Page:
Über den Autor
Dr. Emslie is Provost and Vice President for Academic Affairs, and Professor of Physics & Astronomy, at Western Kentucky University. Prior to that, he was Associate Vice President for Research, Dean of the Graduate College, and Regents Professor of Physics at Oklahoma State University. He was at the University of Alabama in Huntsville from 1981 to 2004, starting as an assistant professor of physics, becoming chair of that department and then Dean of the School of Graduate Studies. He is a co-investigator on the NASA Ramaty High Energy Solar Spectroscopic Imager (RHESSI) mission and has published over 150 scholarly articles in refereed publications.
Preface.- Overview of the Volume.- An Observational Overview of Solar Flares.- Implications of X-ray Observations for Electron Acceleration and Propagation in Solar Flares.- Properties of Energetic Ions in the Solar Atmosphere from Gamma-ray and Neutron Observations.- The Relationship Between Solar Radio and Hard X-ray Emission.- Microflares and the Statistics of X-ray Flares.- Deducing Electron Properties from Hard X-ray Observations.- Recent Advances in Understanding Particle Acceleration Processes in Solar Flares.- Energy Release and Particle Acceleration in Flares: Summary and Future Prospects.- Index.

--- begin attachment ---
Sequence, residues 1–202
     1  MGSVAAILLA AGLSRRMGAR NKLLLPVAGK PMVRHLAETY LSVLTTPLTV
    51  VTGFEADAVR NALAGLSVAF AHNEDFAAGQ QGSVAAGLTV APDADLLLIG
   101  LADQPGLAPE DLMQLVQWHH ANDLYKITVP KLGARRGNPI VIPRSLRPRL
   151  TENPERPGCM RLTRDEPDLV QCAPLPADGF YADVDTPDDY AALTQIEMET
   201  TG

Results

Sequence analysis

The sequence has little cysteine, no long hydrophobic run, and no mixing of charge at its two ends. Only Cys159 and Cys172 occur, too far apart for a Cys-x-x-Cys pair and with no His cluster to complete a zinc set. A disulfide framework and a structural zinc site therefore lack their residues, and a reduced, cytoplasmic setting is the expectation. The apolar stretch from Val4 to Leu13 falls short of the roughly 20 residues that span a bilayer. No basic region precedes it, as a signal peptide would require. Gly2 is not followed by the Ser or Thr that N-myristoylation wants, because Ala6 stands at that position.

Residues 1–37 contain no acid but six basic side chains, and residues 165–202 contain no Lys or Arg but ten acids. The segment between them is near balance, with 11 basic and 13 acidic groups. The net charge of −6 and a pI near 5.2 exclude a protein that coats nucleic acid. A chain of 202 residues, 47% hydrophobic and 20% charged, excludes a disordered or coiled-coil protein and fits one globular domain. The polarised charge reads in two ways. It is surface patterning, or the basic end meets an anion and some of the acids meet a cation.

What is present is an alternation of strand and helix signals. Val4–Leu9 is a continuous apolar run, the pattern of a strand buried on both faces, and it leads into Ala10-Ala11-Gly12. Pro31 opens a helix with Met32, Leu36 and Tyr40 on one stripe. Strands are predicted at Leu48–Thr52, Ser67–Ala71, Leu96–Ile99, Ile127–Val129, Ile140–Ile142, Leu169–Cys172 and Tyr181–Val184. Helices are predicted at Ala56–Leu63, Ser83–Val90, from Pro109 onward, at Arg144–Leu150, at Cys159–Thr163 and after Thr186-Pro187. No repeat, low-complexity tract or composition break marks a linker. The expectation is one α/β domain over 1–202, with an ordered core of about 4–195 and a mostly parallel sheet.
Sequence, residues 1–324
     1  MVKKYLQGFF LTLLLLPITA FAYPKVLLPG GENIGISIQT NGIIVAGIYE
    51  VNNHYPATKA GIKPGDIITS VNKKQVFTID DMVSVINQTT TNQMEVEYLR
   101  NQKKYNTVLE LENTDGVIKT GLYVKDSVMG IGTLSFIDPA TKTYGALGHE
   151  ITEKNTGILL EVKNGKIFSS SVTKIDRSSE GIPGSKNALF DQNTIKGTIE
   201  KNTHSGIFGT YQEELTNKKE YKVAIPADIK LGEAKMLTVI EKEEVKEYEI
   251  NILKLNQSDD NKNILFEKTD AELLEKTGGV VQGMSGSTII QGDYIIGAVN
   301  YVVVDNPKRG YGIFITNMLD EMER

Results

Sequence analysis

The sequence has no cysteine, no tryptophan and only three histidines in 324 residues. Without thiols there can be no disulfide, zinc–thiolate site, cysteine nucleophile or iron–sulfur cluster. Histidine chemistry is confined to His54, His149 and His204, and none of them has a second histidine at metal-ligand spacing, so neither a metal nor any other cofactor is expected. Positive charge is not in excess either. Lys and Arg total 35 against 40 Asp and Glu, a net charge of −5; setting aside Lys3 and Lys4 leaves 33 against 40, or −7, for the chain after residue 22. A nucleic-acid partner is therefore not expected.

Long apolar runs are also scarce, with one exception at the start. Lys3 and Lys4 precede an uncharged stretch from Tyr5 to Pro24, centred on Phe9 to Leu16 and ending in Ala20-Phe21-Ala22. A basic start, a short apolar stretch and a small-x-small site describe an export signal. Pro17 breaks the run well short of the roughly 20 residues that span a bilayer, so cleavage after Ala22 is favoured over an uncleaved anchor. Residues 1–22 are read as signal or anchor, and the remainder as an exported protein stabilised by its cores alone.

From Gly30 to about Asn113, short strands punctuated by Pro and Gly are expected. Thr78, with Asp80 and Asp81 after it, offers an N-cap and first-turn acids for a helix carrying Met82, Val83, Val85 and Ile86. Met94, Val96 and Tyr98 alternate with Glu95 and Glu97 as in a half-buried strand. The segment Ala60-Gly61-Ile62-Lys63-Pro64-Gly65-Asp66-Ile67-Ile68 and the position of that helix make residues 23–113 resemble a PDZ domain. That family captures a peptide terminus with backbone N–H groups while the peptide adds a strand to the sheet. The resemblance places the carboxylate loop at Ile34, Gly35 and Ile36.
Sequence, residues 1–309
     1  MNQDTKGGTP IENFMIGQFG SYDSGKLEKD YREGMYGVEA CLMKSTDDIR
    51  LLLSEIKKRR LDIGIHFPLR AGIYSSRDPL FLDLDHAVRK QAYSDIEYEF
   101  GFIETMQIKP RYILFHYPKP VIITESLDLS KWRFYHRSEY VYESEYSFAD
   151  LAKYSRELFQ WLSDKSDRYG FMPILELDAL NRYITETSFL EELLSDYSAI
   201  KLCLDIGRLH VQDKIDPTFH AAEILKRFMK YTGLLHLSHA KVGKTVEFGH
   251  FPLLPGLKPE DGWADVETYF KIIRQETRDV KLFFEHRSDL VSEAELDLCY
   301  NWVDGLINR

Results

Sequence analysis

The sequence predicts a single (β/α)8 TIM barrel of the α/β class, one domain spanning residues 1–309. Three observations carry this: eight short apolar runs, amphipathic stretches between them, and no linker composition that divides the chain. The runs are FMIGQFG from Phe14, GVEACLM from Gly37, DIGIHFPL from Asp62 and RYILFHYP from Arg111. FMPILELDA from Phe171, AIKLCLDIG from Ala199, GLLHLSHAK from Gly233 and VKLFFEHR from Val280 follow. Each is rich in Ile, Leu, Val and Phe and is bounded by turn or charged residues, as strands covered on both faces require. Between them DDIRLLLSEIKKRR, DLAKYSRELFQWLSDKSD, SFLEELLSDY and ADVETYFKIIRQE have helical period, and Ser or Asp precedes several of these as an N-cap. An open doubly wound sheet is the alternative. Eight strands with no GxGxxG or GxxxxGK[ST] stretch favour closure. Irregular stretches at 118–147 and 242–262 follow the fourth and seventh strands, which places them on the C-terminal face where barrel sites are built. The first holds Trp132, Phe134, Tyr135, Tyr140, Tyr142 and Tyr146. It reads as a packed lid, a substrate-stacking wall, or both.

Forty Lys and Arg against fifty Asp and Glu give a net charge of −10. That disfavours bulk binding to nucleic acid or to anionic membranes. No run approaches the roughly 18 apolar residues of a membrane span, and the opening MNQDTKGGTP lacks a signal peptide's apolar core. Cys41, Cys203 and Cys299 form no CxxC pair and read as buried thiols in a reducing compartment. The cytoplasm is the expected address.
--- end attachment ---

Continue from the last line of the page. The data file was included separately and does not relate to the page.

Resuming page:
This edited volume describes many aspects of current research on solar flares, emphasizing recent progress in understanding their X-ray and gamma-ray emissions. Several of the chapters deal comprehensively with the problems of particle acceleration, conversion of particle energy into various forms of radiation, and the inference of physical processes from
observations. Other chapters deal with the full breadth and richness of flare observations, including microflares and nanoflares.
This volume is aimed at graduate students and researchers in solar physics and space science.
Previously published in Space Science Reviews journal, Vol. 159/1-4, 2011.
Uniquely offers a broad view of the most important physics of solar/stellar flare physics
Captures the newest observations of all types, and the most diverse interpretative work through the work of 4 editors and 54 authors
Coincides with sunspot minimum and could therefore capture the remarkable solar activity of Hale Cycle 23, including the most powerful solar flare to have occurred in the modern era